Carbon Capture and Sequestration
Exploring the effectiveness of reducing the net cost of carbon capture and storage from fossil fuel sources, the most egregious of which is pulverized coal-fired power plants, but also natural gas combined cycle power plants.
More than a third of the electricity generated in the State of Texas comes from coal. Every year, each coal-fired power plants release millions of tons of carbon dioxide (CO2) into our atmosphere, prompting efforts to reduce these so-called greenhouse emissions and help curb global warming. Much of this work has centered on developing technology to capture and store CO2. The problem is that current approaches to carbon capture and sequestration (CCS) are not economically viable without significant subsidies, or a very high price on carbon.
In fact, technology in place today requires roughly one-third of a typical coal-fired power plant’s energy be dedicated to CO2 capture and pressurization – a cost that renders such methods uneconomical. Independent of CCS research, technology has advanced in the production of energy from geothermal aquifers, but the two technologies have never been paired to help solve this problem. Until now.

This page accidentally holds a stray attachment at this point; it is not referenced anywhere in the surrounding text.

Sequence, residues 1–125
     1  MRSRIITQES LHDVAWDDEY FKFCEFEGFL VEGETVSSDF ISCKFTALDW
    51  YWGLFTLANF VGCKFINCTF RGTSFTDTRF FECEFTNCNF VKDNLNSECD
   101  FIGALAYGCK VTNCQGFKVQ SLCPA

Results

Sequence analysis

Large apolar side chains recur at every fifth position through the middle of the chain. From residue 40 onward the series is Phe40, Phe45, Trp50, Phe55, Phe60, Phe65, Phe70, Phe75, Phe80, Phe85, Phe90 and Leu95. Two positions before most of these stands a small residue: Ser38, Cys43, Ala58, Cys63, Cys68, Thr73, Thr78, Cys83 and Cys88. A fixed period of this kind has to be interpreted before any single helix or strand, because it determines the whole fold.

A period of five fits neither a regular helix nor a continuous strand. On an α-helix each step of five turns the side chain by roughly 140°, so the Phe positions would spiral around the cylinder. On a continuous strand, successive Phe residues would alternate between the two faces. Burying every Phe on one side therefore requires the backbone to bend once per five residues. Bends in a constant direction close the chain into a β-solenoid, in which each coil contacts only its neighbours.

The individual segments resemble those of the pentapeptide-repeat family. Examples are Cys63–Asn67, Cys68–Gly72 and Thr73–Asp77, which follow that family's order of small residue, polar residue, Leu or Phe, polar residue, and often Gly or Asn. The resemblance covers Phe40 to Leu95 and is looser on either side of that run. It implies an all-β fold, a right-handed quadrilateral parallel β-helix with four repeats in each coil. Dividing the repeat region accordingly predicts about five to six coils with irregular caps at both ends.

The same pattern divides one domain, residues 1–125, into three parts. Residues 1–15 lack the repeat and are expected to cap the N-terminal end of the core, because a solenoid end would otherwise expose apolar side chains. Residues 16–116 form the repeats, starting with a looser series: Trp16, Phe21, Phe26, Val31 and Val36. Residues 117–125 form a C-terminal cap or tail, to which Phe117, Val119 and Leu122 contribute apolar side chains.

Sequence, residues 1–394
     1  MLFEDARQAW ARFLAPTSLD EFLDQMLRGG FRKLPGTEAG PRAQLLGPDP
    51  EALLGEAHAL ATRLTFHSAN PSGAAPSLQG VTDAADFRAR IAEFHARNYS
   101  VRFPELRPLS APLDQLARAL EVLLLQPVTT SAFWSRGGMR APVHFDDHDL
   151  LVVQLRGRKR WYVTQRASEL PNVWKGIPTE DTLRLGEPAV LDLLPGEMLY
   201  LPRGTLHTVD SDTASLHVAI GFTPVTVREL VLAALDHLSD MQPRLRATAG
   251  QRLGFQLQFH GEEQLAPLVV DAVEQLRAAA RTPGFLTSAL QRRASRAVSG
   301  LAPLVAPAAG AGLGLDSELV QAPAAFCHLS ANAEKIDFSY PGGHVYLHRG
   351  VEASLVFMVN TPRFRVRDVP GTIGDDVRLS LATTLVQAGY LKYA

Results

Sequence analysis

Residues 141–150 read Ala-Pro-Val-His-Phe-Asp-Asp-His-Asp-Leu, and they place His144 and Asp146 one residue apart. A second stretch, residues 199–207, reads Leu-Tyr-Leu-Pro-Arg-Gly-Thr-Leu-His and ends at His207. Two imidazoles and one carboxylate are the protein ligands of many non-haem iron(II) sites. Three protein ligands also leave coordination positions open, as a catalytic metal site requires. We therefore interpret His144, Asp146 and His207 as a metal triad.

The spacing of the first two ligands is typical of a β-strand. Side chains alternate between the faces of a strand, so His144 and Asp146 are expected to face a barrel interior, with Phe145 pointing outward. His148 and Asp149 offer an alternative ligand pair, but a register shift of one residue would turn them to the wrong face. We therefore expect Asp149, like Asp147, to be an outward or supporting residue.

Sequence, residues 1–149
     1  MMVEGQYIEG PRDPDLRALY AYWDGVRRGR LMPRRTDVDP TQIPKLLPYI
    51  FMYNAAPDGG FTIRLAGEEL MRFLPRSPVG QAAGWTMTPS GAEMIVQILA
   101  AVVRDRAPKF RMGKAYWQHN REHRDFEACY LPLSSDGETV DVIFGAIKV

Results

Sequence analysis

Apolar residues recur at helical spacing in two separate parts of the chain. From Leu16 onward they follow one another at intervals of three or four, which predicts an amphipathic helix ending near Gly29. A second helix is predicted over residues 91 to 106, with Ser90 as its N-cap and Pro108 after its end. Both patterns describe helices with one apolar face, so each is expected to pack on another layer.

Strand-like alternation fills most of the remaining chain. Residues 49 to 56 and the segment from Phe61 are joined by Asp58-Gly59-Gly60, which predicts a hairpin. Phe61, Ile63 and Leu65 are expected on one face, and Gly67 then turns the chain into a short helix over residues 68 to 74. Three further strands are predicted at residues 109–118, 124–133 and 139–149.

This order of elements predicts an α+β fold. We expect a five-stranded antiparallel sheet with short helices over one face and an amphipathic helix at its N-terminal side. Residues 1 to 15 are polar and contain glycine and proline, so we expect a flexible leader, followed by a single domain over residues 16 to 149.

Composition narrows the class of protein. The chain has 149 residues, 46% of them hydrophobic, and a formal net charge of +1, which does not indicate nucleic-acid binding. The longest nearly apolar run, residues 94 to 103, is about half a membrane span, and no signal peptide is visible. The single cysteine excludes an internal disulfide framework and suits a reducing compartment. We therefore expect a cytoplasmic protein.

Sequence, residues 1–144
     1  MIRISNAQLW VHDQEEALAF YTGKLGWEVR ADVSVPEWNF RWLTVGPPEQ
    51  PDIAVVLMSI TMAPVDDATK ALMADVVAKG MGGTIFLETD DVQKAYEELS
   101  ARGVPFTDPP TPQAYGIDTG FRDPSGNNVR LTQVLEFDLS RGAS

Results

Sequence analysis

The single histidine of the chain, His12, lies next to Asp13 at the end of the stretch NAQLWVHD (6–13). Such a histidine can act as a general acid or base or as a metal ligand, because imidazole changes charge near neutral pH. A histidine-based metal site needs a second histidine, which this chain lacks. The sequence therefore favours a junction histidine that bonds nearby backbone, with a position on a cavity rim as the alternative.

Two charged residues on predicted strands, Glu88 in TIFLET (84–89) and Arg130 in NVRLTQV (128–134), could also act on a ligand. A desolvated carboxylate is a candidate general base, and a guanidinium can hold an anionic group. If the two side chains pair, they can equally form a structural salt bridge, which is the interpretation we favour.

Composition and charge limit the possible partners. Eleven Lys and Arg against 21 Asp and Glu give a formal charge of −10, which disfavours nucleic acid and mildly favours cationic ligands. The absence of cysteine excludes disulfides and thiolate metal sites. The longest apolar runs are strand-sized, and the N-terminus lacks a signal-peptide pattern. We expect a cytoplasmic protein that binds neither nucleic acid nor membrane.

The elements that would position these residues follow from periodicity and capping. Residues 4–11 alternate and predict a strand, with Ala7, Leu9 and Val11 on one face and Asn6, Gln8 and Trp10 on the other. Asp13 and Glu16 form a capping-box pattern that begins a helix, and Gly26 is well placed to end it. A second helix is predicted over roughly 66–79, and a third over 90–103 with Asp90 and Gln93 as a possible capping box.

The Energy Institute Solution
A team of scientists led by University of Texas at Austin Professor Gary Pope has developed a new, game-changing idea that combines these two technologies and adds another – the dissolution of CO2 into extracted brine, which is then re-injected back into the aquifer. This alternative approach to CO2 injection takes advantage of both dissolved methane and heat content in geo-pressured geothermal saline aquifers. Conservative calculations indicate this alternative method could reduce the cost of CCS such that it could compete in a market environment without subsidies or a price on carbon.
The University team, in partnership with the Lower Colorado River Authority and NRG Energy, submitted a proposal for an engineering study that would examine the economics of this new approach, but the Department of Energy chose not to fund the request. The Energy Institute is now pursuing funding from other sources interested in preserving the role of coal in electricity production with technology that cost-effectively reduces CO2 emissions.